interestingly yesterday’s rally did not succeed on closing above the
intraday high of the previous Friday. Thus the market should turn lower
here or very soon and we are believed to be at a great point to short

The 2-month chart shows recent action in much more detail. On it we can
see how at the bottom of the plunge the S&P500 index bounced almost
exactly off its rising 200-day moving average, making a large bullish
hammer-like candlestick. Having reached our target for the bounce the
market started to run into trouble this past week and some bearish
looking candlesticks appeared, but then on Friday it put in a better
performance closing with a larger white candle, but as mentioned above
this did not break above the previous Friday’s intraday high, nor did it
break above the resistance level shown which put a lid on the advance
all week, but whether it does or doesn’t short-term, this is now
regarded as a VERY bearish setup, with renewed decline expected
imminently whose 1st objective will be to retest the plunge lows.

Conclusion: the rally of the past couple of weeks is not a
resumption of the bull market, as the government and Wall St. would have
you believe (“we just had a normal 10% correction”)—it is a
countertrend relief rally within a bear market that promises to be
severe, and it is believed to have run its course. This means that we
are at a perfect or near perfect point to short the market for a downleg
that could easily be worse than the first one, an ideal time to load up
on Bear ETFs and Puts,
which is what we did last week.

Clive Maund has been president of, a successful resource sector website, since its inception in 2003. He has 30 years’ experience in technical analysis and has worked for banks, commodity brokers and stockbrokers in the City of London. He holds a Diploma in Technical Analysis from the UK Society of Technical Analysts.

Source: Clive Maund for Streetwise Reports

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1) Statements and opinions expressed are the opinions of Clive Maund and not of Streetwise Reports or its officers. Clive Maund is wholly responsible for the validity of the statements. Streetwise Reports was not involved in the content preparation. Clive Maund was not paid by Streetwise Reports LLC for this article. Streetwise Reports was not paid by the author to publish or syndicate this article.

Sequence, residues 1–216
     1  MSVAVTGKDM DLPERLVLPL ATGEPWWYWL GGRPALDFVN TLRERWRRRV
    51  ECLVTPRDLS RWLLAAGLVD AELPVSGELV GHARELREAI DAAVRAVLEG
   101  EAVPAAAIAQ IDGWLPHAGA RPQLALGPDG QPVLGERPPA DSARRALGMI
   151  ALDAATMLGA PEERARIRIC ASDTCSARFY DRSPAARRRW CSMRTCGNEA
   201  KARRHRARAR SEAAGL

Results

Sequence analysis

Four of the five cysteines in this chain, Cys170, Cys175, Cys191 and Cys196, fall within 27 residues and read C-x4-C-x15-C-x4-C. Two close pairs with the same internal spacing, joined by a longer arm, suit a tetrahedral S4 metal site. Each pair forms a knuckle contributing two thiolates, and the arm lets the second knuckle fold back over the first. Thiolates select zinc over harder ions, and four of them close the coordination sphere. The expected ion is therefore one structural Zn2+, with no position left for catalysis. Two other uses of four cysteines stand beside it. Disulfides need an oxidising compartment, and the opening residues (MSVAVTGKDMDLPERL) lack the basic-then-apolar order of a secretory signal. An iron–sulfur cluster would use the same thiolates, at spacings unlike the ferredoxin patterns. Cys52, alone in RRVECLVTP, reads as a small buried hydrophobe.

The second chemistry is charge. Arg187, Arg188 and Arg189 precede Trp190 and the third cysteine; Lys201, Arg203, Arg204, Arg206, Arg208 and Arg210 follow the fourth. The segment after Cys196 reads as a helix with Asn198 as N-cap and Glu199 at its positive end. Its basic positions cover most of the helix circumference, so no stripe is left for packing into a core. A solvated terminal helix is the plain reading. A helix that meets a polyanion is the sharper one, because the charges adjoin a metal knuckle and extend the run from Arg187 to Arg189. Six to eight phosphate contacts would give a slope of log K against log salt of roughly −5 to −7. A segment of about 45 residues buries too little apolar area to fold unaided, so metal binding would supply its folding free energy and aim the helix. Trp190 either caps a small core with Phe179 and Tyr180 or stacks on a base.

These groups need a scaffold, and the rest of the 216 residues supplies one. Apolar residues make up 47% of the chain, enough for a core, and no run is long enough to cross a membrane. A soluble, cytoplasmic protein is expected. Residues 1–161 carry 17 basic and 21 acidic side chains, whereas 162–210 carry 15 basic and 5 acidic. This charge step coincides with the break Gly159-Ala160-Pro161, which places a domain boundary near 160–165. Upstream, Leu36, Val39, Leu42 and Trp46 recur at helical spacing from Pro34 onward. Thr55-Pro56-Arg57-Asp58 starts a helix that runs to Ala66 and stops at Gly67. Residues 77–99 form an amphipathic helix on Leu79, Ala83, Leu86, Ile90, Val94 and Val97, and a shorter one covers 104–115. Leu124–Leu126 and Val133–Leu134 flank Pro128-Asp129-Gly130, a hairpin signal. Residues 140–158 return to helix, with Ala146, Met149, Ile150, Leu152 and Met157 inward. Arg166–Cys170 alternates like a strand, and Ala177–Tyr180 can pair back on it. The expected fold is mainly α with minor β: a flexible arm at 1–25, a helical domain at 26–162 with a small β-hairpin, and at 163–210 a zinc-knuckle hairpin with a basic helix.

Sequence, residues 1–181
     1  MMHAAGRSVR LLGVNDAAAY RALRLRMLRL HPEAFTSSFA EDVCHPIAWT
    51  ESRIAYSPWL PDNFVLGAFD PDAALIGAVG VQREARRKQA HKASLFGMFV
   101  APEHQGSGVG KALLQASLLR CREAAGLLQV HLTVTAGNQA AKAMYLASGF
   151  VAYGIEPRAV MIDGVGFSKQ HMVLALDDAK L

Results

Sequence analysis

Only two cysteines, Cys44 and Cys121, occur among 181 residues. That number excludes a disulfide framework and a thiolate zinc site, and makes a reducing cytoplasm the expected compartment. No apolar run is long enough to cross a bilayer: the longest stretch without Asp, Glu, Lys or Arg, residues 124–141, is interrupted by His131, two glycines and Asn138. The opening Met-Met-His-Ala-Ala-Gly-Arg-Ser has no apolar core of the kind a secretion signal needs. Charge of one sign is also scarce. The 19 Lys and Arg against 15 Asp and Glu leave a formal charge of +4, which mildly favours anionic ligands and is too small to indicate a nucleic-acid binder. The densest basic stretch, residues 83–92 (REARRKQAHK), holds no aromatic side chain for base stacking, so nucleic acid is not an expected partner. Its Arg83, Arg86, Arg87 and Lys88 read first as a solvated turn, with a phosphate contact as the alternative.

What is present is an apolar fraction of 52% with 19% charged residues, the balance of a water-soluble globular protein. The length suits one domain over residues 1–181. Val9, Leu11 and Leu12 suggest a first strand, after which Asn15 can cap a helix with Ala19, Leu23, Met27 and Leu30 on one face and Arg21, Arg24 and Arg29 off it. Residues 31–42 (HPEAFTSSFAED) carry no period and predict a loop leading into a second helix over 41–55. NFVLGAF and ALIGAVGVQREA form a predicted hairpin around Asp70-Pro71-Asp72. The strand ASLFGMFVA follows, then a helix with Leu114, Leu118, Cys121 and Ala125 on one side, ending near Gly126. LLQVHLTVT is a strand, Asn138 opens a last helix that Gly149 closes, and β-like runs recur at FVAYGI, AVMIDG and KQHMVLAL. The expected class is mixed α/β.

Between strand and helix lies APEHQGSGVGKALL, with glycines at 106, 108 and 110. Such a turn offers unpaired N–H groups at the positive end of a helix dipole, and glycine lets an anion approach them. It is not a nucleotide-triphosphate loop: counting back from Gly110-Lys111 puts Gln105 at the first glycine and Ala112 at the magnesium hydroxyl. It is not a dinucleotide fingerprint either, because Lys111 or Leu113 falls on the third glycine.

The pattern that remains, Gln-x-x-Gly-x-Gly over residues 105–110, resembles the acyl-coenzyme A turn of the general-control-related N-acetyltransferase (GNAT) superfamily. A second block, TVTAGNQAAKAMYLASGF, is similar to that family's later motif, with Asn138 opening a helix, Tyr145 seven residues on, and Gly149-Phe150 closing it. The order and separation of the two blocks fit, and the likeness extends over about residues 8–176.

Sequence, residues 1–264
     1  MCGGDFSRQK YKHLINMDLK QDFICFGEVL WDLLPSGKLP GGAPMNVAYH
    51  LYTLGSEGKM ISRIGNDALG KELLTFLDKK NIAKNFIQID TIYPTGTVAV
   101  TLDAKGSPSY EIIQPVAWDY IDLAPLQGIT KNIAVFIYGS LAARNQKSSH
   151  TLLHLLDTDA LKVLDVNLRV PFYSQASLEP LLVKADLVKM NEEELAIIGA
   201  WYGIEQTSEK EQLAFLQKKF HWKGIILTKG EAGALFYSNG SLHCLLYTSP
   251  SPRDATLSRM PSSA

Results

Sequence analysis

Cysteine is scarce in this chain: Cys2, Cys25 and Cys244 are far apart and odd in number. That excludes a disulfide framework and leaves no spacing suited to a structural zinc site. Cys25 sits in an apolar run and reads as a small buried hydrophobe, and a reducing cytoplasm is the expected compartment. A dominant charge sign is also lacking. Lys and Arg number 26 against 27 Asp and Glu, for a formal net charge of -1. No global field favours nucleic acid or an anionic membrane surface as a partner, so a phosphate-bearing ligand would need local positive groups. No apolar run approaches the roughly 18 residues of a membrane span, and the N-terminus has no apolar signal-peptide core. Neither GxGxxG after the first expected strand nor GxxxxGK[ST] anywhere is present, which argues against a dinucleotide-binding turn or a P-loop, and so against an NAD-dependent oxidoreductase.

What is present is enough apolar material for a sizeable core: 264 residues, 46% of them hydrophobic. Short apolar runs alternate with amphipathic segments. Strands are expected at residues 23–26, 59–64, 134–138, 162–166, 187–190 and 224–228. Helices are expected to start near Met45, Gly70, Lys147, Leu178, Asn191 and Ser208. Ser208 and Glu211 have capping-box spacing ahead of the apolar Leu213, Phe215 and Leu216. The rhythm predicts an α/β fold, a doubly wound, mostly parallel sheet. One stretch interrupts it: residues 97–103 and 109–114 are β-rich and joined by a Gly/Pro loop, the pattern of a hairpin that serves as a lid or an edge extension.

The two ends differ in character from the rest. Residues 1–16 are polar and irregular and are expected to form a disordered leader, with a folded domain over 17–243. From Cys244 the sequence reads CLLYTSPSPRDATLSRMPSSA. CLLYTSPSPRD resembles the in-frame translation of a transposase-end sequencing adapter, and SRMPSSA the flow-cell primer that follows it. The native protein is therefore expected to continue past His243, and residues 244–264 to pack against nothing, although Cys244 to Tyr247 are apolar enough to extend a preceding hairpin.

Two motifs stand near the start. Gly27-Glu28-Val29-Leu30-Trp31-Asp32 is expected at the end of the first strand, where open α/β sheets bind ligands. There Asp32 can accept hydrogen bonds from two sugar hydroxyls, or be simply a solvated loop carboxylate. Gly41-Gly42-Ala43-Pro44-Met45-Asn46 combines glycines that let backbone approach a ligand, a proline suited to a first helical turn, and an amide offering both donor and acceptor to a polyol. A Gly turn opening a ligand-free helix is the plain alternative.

2) This article does not constitute investment advice. Each reader is encouraged to consult with his or her individual financial professional and any action a reader takes as a result of information presented here is his or her own responsibility. By opening this page, each reader accepts and agrees to Streetwise Reports’ terms of use and full legal disclaimer. This article is not a solicitation for investment. Streetwise Reports does not render general or specific investment advice and the information on Streetwise Reports should not be considered a recommendation to buy or sell any security. Streetwise Reports does not endorse or recommend the business, products, services or securities of any company mentioned on Streetwise Reports.

Charts provided by the author. Disclosure:
The above represents the opinion and analysis of Mr Maund, based on data available to him, at the time of writing. Mr. Maund’s opinions are his own, and are not a recommendation or an offer to buy or sell securities. Mr. Maund is an independent analyst who receives no compensation of any kind from any groups, individuals or corporations mentioned in his reports. As trading and investing in any financial markets may involve serious risk of loss, Mr. Maund recommends that you consult with a qualified investment advisor, one licensed by appropriate regulatory agencies in your legal jurisdiction and do your own due diligence and research when making any kind of a transaction with financial ramifications. Although a qualified and experienced stockmarket analyst, Clive Maund is not a Registered Securities Advisor. Therefore Mr. Maund’s opinions on the market and stocks can only be construed as a solicitation to buy and sell securities when they are subject to the prior approval and endorsement of a Registered Securities Advisor operating in accordance with the appropriate regulations in your area of jurisdiction.